Saskatoon

Residential school survivor hopes Pope Francis brings more than an apology to Canada

Residential school survivors like Peter Gardippi say they have mixed feelings about Pope Francis's impending visit to Canada.

Vatican says Francis is willing to visit at some point to further reconciliation efforts

Residential school survivor Peter Gardippi says an apology from Pope Francis would be appreciated, but it can't stop there. (Jason Warick/CBC)

WARNING: This story contains distressing details.

Residential school survivors like Peter Gardippi say they have mixed feelings about Pope Francis's impending visit to Canada.

They'll welcome an apology, but say that's not nearly enough to atone for the generations of physical, sexual, emotional and cultural abuse suffered in Canada's residential schools, most of them run by the Catholic Church.

They hope Francis's visit will lead to compensation, full disclosure of records and promises to renounce a 500-year-old Doctrine of Discovery long used by the church to justify its subjugation and colonization of Indigenous people.

No timeline, locations or other details on the visit announced Wednesday by the Vatican have been released.

The announcement follows the discovery of hundreds of unmarked burial sites near residential schools at the Tk'emlúps te Secwépemc First Nation in British Columbia, the Cowessess First Nation in Saskatchewan and elsewhere.

It also follows a CBC News investigation which raised questions about all three elements of the Catholic Church's claims of compensation.

St. Michael's Indian Residential School near Duck Lake, Sask., operated for more than 100 years, and was among the last in Canada to close, in 1996. (Submitted by Warren Seesequasis)

Catholic bishops recently issued an apology and pledged to restart their failed fundraising campaign with a goal of $30 million.

Gardippi is a member of the Beardy's and Okemasis' Cree Nation in central Saskatchewan. He's also part of the Saskatoon Survivors' Circle, a peer network that visits schools and other institutions.

Gardippi spoke Wednesday afternoon with the CBC's Jason Warick. The interview has been edited for length and clarity.

Warick: You're a survivor. What would you like to say about that experience?

Gardippi: I went to St. Michael's Indian Residential School from 1955 to 1963. 

My experience at residential school was not the best. I was there for eight years.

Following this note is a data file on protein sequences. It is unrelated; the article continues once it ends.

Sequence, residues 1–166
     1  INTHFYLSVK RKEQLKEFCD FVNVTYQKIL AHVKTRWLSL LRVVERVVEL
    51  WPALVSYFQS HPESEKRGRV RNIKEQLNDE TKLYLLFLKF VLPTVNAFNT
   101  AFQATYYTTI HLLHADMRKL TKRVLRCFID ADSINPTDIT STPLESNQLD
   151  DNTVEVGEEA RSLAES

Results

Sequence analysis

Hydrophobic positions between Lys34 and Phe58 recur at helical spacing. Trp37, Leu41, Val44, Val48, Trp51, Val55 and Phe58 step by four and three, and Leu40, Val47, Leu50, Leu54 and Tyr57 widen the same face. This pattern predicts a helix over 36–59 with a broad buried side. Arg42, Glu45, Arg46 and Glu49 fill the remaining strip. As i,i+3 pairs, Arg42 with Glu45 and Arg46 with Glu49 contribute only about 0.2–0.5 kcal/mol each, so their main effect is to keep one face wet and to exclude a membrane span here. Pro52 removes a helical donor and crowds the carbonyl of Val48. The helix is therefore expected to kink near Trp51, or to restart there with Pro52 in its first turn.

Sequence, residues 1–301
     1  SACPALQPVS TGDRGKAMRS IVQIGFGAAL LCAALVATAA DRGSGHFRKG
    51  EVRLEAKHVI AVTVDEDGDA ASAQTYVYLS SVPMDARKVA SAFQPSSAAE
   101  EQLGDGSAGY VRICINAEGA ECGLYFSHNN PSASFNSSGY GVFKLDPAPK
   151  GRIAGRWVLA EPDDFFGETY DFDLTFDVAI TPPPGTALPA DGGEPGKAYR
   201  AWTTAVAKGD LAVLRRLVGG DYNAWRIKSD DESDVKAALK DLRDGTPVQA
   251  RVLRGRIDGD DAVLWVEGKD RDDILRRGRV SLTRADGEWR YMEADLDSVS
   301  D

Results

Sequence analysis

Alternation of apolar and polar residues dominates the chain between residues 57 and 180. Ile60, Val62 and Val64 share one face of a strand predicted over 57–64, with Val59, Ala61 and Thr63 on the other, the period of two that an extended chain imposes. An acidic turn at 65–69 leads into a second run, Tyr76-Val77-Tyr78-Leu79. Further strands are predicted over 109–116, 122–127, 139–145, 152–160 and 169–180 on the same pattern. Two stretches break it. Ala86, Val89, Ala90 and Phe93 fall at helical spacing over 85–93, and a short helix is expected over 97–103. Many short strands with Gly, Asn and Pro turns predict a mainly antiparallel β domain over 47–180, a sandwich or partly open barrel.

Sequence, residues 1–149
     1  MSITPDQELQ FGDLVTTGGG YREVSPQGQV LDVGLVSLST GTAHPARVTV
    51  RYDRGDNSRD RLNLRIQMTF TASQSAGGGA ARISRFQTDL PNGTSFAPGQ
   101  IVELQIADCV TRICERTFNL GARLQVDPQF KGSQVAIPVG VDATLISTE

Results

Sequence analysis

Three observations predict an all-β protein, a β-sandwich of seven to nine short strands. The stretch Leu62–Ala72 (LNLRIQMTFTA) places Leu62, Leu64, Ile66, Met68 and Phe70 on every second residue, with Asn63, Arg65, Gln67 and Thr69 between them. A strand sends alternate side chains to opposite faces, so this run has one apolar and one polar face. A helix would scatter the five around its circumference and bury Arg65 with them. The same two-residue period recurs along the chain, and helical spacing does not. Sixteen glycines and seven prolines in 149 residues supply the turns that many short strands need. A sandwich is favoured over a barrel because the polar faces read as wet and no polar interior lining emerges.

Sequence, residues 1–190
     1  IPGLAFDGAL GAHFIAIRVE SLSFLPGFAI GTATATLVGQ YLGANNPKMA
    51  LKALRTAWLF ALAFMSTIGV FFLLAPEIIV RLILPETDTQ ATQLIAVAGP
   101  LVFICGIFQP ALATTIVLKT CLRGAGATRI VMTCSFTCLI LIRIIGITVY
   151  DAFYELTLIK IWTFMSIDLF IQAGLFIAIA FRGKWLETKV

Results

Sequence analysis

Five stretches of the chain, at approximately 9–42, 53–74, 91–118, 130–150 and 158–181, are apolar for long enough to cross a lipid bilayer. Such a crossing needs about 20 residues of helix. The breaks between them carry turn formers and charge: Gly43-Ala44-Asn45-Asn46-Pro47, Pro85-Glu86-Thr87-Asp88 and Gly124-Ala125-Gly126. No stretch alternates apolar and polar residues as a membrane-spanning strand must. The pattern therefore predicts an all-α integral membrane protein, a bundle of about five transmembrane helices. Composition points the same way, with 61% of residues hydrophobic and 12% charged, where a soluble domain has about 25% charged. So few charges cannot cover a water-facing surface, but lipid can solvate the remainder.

I always remember the first day that the priest picked me up at my home community. I didn't know who the priest was. I got picked up by this priest and was taken away to to the residential school.

I didn't understand English at all. All we talked was Cree at home. The first day that I was in school, I got a severe strapping from from the nun because I couldn't understand what she was talking about. So it wasn't the best.

I experienced a lot of loneliness and pain. And I just didn't understand the what they were trying to do to us.

Given that experience, how do you feel about the news Pope Francis will be coming to Canada?

It's good news for survivors like myself because we've been asking for him to come to us, to see us survivors and to come and talk to us, and to apologize to us. But not only apologize to us — to work with us, to restore a lot of the damage that the Catholic Church has done.

They didn't want us to talk our language. The only way I was able to keep my language was my mom always told us to talk our language at home.

I was such a beaten-down kid at school. I had to go to the old people to restore me back to health.

Today it's a different story. I know all about myself and our rich tradition of being a First Nation.

They tried to beat that out of us. They tried to beat the Indian out of the Indian, and the Pope has to come in and apologize. They thought they were a lot better than us and we didn't know anything.

It sounds like you're looking for much more than an apology.

So many people want to apologize and they're just words to me. They're just words that have absolutely no meaning.

Children's shoes, stuffed animals and other objects were placed on the field where St. Michael's once stood after hundreds of unmarked burial sites were discovered near residential schools across Canada. (Chanss Lagaden/CBC)

Work with us to restore the language. Work with us by saying, "Yes, we will work with you to restore the damage that's been done."

It was a great, great mistake that they made. And mistakes, you can fix mistakes, right? He's got to have that commitment.

All of those promises not kept by the church — they use really great lawyers to get them out of their responsibilities. Let's be truthful. Help us rebuild. 

Is there anything else you'd like to say?

I would love to sit down with the Pope and, you know, maybe bring him to our sweat lodge, sit with us in our sweat lodge and pray with us and sing with us in our sweat lodge.

I would love to see that day where he sits down with us in our lodge and prays with us.


Support is available for anyone affected by the lingering effects of residential school and those who are triggered by the latest reports.

A national Indian Residential School Crisis Line has been set up to provide support for residential school survivors and others affected. People can access emotional and crisis referral services by calling the 24-hour national crisis line: 1-866-925-4419.

now